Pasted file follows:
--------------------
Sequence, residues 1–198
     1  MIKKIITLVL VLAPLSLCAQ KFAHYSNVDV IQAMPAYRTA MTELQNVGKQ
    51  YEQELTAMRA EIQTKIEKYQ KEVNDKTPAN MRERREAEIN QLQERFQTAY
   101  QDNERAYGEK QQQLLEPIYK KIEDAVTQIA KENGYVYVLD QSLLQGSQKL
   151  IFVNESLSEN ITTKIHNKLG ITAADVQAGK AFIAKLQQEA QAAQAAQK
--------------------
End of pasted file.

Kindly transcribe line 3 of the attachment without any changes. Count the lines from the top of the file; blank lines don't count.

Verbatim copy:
    51  YEQELTAMRA EIQTKIEKYQ KEVNDKTPAN MRERREAEIN QLQERFQTAY